Los Angeles-based Latin fusion rock band Ozomatli will perform on the Quad of Santa Fe University of Art and Design (SFUAD) on April 27 as part of its Artists for Positive Social Change series. The 2012-2013 academic year focuses on "Art and Political Activism," with the university hosting events, lectures and performances from relevant artists who provide in-depth exploration of the theme. Tickets will be required for the Ozomatli concert, which is free and open to both students and the greater Santa Fe community. Details will be announced at a later date on the SFUAD website.
Ozomatli has spent 18 years working diligently to spread its message of peace, communication and understanding through their music. The band is a recipient of the Local Heroes Award by Los Angeles PBS station KCET-TV, recognizing their longstanding accomplishments and community service throughout Southern California. The City of Los Angeles has also declared April 23rd "Ozomatli Day" in recognition of the band’s service to the city. They’ve also been recognized as global activists through the National Council of LA Raza's Humanitarian Award, and have performed twice for President Barack Obama.
"Ozomatli originally came together to play at an L.A. labor protest in the 90’s, and their band has since been internationally recognized for their outspoken activist role," said David Scheinbaum, director of photography and artist in residence who leads SFUAD’s Artists for Positive Social Change. "I’m excited to have been able to invite a group to campus that not only embodies the level of excellence both in musicianship but also in their commitment to the ethics and values we’re trying to present to our students. With their great following here in New Mexico, it’s an honor to host them on the SFUAD campus and also be able to invite the community for free."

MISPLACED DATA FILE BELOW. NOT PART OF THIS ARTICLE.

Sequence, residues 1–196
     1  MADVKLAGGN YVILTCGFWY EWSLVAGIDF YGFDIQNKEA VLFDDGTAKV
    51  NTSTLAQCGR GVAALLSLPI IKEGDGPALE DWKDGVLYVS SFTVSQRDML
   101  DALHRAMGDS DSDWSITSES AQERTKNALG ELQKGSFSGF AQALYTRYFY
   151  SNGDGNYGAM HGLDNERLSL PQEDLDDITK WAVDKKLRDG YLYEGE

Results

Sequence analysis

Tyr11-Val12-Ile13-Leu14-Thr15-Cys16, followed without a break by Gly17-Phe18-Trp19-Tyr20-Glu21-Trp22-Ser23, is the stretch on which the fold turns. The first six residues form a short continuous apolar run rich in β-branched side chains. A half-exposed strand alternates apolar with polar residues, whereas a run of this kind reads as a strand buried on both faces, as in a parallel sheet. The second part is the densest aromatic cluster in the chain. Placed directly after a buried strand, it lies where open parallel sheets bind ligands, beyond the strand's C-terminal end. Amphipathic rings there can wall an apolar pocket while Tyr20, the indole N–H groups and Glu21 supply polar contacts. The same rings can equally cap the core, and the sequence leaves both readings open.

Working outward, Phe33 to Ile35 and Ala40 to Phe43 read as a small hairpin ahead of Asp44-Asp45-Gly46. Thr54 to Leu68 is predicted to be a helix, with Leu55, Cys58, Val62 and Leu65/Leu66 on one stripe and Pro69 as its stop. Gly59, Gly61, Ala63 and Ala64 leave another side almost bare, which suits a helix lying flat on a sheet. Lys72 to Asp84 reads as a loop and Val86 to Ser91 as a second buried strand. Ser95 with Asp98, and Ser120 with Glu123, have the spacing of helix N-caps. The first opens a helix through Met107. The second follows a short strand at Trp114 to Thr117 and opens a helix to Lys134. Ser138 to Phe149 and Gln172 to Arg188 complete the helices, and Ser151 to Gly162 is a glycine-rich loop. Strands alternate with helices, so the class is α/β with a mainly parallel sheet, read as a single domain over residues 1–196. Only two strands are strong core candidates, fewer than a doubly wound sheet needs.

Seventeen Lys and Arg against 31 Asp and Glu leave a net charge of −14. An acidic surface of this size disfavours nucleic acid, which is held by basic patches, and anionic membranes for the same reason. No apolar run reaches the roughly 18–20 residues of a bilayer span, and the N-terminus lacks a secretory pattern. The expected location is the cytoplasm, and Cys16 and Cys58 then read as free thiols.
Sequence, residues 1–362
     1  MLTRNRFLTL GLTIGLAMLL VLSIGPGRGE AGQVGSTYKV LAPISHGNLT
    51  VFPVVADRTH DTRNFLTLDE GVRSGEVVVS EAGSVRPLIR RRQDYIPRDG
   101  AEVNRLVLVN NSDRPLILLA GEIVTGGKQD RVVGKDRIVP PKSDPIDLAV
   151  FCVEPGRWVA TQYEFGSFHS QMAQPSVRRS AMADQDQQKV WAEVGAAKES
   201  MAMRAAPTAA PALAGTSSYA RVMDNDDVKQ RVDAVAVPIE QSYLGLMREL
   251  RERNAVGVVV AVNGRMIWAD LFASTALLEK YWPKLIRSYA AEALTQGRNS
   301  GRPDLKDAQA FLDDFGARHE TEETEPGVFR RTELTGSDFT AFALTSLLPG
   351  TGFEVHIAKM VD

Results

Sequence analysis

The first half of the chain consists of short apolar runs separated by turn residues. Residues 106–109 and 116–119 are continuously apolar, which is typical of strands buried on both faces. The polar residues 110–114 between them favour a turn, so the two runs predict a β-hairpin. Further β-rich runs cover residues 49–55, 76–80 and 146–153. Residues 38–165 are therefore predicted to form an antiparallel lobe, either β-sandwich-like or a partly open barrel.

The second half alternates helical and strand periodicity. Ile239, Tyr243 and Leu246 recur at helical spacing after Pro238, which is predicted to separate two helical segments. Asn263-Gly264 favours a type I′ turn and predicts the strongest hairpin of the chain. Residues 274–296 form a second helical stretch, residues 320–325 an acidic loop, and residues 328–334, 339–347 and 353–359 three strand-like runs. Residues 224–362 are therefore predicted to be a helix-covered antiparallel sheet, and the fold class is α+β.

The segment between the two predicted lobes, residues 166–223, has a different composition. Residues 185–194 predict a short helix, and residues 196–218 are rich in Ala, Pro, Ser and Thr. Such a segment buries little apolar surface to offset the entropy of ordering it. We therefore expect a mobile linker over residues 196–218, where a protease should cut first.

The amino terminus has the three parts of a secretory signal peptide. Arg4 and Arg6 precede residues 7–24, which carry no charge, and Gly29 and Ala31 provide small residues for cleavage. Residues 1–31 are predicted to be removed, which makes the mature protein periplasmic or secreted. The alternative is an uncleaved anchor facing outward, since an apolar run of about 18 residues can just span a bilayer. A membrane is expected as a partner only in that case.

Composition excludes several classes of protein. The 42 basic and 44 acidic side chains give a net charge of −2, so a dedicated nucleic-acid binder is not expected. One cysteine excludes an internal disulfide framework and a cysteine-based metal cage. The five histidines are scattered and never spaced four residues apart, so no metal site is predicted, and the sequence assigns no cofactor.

In conjunction with Ozomatli’s visit to the SFUAD campus, university artist in residence Brian Hardgroove will mentor a new student band formed specifically to open for Ozomatli during their April concert. Auditions are currently taking place. Hardgroove was also deeply involved in last year’s Artists for Positive Social Change series, which centered around hip-hop as a medium for cultural change. During the initiative’s culminating week of events, Hardgroove gave a lecture to students about the social responsibilities of artists and mentored the members of Inter-City Connection, the student band that was formed to open for Public Enemy. Inter-City Connection will again perform during this year’s concert. Steven Paxton, chair of SFUAD's Contemporary Music Department, cites this project as "a great opportunity for students in the music department to collaborate with talented musicians from across the university, and to be mentored by an experienced music professional such as Brian Hardgroove."
The members of Ozomatli are no strangers to New Mexico, having performed in the state several times. "Ozomatli performances have been some of the most exciting and energized concerts I’ve ever attended personally," added Scheinbaum.
"Just being who we are and just doing what we’re doing with music at this time is very political," Ozomatli bassist Wil-Dog Abers has said. "The youth see us up there and recognize themselves. So in a playful, party-type of way, I think it’s real easy for this band to get dangerous. We are starting to realize just how big of a voice we actually have as a band and how important it is for us to use it."
For more information about Ozomatli visit their website at http://ozomatli.com/ or check out the Ozomatli YouTube channel.
This year’s Artists for Positive Social Change series also consists of the Al-Mutanabbi Street Starts Here exhibit; a campus mural painting, lecture and Q&A by artist and graphic designer Shepard Fairey; performance and campus presentations by Vancouver singer/songwriter, Kate Reid; among other events.